Document Type


Publication Date



This article has been peer reviewed. It is the author’s final published version in BioImpacts, Volume 8, Issue 1, November 2017, Pages 31-38.

The published version is available at . Copyright © Zamanlu et al.


Introduction: Measurement of thrombolytic activity i.e. clot lysis is crucial for research and development of novel thrombolytics. It is also a key factor in assessment of the effectiveness of conventionally used thrombolytic agents in the clinic, which are the choice effective therapies for myocardial infarction and ischemic stroke. Previous methods used for the assessment of thrombolytic activity are often associated with some drawbacks such as being costly, time-consuming, complication and low accuracy. Here, we introduce a simple, economic, relatively accurate and fast method of spectrophotometric analysis of thrombolytic activity (SATA) assay, standardized by tissue plasminogen activator (tPA), which can quantitatively measure in vitro thrombolytic activity. Methods: Blood clots were formed, uniformly, by mixing citrated whole blood with partial thromboplastin time (PTT) reagent, together with calcium chloride. Then, designated concentrations of tPA were added to the samples, and the released red blood cells from each clot were quantified using spectrophotometry (λmax= 405 nm) as an indicator of thrombolytic activity. The accuracy of the method was tested by assessment of dose-responsibility against R2 value obtained by linear equation and measurement of limit of detection (LOD) and limit of quantification (LOQ). The SATA assay was validated in comparison with some currently used techniques. Results: A linear relationship was obtained between different concentrations of tPA versus the spectrophotometric absorbance of the related dilutions of lysed clots, at λmax = 405 nm. Calculated R2 values were greater than 0.9; with LOD of 0.90 μg/mL of tPA (436.50IU) and LOQ of 2.99 μg/mL of tPA (1450.15IU). Conclusions: Conclusively, the SATA assay is a very simple quantitative method with repeatable and reproducible results for estimating the potency of an unknown thrombolytic agent, and calculating the activity as delicate as 1 μg/mL of tPA (485 IU/mL of thrombolytic dose). © 2018 The Author(s).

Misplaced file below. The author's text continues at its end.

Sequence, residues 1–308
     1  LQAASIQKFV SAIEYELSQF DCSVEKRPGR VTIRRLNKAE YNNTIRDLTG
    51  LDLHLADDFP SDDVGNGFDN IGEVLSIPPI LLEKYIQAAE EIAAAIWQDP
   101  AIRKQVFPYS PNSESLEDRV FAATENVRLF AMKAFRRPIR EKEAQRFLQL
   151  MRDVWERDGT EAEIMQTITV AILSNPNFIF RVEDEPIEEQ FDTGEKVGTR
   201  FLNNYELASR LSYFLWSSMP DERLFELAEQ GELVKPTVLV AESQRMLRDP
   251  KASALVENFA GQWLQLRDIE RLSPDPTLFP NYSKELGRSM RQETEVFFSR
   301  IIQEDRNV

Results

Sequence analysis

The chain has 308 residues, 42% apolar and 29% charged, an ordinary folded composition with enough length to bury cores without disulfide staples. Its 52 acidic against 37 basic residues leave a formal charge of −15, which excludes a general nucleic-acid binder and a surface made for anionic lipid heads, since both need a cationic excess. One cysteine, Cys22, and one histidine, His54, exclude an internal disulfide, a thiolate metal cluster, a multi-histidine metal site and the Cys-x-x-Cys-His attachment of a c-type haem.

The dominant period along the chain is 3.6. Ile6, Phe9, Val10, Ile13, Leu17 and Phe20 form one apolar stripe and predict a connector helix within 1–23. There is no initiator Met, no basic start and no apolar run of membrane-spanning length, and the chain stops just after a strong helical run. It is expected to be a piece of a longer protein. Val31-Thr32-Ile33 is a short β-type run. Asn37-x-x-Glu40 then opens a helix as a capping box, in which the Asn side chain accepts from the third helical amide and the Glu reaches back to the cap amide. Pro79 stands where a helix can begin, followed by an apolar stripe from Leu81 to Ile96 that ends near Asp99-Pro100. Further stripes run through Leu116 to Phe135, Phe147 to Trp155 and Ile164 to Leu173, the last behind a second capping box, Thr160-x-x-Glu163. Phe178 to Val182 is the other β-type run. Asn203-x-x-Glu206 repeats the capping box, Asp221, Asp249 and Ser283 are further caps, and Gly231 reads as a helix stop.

Creative Commons License

Creative Commons License
This work is licensed under a Creative Commons Attribution-Noncommercial 4.0 License